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ComputerWire: IT Industry Intelligence

Microsoft Corp has delayed a set of planned online services for consumers - named .NET My Services - in response to growing concern over security and lock-in to Windows,

Gavin Clarke

writes.

Redmond, Washington-based Microsoft said yesterday it has delayed .NET My Services so it can introduce new features. The features will enable organizations to host their own services and protect consumers' personal data. Microsoft did not give a date for launch.

Microsoft admitted .NET My Services has been delayed following a report in The New York Times. That newspaper said there had been resistance from partners who did not want Microsoft to come between them and consumer users of .NET My Services.

News broke as Microsoft attempted to evangelize Windows developers to build .NET products and services during its TechEd 2002 Conference in Louisiana, New Orleans. Away from the event, company executives blamed hostility to .NET My Services from competitors over who would own personal data of consumers that used the services.

Despite a concerted campaign, Microsoft has failed to silence concern about what happens to consumers' personal data stored in its Passport online authentication service. Passport is used to authorize access to .NET My Services, and information entered in Passport's 13 data fields is held centrally by Microsoft.

Microsoft announced a set of 14 .NET My Services during a highly publicized media event in March 2001. The company attracted a handful of partners to the event, who signed up to Hailstorm and presented demonstrations and proofs of concept. Partners included American Express Co, Click Commerce Inc, Ebay Inc, Expedia Inc and Groove Networks Inc.

Among the 14 services announced a the event by Microsoft were MyAddress, an electronic address book; My Profile, which includes name, nickname and special dates; and MyInbox, which includes items such as e-mail and voice mail.

American Express demonstrated a Notifications and Payment service and Dirk White, director of the American Express interactive group, said: "American Express feels that we can provide real value to our customers using this technology. And for the consumer we believe that we can create a secure, private shopping experience."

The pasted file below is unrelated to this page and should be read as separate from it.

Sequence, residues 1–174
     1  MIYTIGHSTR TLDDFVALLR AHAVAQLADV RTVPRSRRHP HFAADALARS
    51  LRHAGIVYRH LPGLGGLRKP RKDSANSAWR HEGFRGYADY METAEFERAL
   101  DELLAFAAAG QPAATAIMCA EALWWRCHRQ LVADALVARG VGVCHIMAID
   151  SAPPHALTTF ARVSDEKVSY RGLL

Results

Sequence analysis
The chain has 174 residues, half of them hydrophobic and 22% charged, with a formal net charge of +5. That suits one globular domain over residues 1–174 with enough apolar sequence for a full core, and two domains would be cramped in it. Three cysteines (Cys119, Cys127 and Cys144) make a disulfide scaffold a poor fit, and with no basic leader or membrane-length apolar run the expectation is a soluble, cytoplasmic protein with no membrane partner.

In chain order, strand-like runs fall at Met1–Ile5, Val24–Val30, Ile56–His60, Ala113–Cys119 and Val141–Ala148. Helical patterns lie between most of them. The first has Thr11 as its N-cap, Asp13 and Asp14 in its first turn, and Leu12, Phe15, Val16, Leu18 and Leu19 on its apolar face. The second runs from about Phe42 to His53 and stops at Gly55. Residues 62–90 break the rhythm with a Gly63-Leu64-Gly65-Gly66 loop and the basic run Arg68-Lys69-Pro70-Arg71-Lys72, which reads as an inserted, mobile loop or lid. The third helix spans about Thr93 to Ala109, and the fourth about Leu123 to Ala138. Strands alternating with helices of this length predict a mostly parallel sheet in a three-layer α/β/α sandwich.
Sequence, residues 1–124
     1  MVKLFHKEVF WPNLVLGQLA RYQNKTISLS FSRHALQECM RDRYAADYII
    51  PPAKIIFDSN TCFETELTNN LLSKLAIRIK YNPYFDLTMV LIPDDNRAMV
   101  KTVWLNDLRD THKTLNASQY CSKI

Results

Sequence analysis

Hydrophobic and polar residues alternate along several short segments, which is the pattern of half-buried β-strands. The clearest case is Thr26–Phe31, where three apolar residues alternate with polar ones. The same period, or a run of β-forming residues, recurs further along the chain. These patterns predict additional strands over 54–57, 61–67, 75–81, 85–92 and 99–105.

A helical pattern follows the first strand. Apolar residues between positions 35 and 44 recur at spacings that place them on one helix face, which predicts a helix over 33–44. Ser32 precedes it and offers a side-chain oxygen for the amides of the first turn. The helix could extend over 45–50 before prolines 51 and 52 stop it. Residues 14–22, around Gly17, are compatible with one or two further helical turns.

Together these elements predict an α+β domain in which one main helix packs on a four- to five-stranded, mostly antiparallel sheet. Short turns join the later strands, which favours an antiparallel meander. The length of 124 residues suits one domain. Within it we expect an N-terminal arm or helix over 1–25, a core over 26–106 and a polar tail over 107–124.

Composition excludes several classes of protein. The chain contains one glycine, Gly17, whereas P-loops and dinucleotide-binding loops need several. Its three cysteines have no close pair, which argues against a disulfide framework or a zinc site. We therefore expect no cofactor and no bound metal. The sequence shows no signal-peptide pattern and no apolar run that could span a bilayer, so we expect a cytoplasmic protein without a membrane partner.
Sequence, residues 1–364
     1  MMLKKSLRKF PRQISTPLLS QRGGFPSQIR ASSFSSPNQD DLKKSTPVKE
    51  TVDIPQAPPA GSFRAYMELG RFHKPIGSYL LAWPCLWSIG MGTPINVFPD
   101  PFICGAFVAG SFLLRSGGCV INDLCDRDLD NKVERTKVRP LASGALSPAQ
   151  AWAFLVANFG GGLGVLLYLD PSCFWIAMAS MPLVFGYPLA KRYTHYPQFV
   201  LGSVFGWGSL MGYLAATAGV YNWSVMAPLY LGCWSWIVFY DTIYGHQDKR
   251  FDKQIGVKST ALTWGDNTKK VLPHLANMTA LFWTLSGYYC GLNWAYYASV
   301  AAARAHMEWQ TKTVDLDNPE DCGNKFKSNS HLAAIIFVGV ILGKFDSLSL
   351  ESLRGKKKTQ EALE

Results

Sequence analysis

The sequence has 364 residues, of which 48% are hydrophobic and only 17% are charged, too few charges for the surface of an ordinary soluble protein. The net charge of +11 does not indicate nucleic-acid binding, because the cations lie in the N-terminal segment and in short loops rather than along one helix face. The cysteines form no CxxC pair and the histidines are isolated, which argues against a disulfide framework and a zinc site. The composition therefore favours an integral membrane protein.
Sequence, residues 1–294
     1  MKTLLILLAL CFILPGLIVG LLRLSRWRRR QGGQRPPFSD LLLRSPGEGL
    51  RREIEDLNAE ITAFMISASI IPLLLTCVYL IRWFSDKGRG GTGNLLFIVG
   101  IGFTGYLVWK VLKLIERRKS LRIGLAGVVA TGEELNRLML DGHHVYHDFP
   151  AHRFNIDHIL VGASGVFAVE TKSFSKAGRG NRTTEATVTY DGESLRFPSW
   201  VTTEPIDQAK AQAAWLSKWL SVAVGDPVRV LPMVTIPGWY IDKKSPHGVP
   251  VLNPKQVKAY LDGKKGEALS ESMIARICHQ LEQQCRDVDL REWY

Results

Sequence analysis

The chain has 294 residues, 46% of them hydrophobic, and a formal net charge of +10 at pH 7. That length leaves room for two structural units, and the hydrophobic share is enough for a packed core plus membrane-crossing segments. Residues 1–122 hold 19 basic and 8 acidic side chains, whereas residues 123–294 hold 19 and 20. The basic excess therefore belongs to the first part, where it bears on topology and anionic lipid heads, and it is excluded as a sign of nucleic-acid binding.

Twelve months later, though, none of the partners have launched .NET My Services-based offerings. Indeed, partners have been incredibly cagey, even downplaying participation in work with Microsoft during conversations with Computerwire. American Express is reported to have expressed concern that the Microsoft brand will displace its own under any such service.

A Microsoft spokesperson said feedback asked Microsoft to support federation out of the box, be able to run in the enterprise and to support the addition of new services.

He said Microsoft is now building the Infrastructure for customers to run the services themselves. He was unable to say what this infrastructure consisted of, but added while federation and support for multiple operators had been planned in later versions these would now appear in initial offerings.

"What we have done in response to the feedback is to shift our priorities to make sure the technology we deliver is the technology customers want," the spokesperson said.

Microsoft's concession over federated services is a massive loss of face to rivals. Liberty Alliance Project, due to deliver a set of specifications for secure online authentication, supports a federated model where organizations and consumers are able to retain control of personal data - instead of a single company. The group is backed by Microsoft's Palo Alto, California-based rival Sun Microsystems Inc.

A spokesperson for Sun said yesterday: "[This] seems like a pretty clear indicator of industry support for a federated network identity standard allowing companies to manage and control their most important asset - their customer data."

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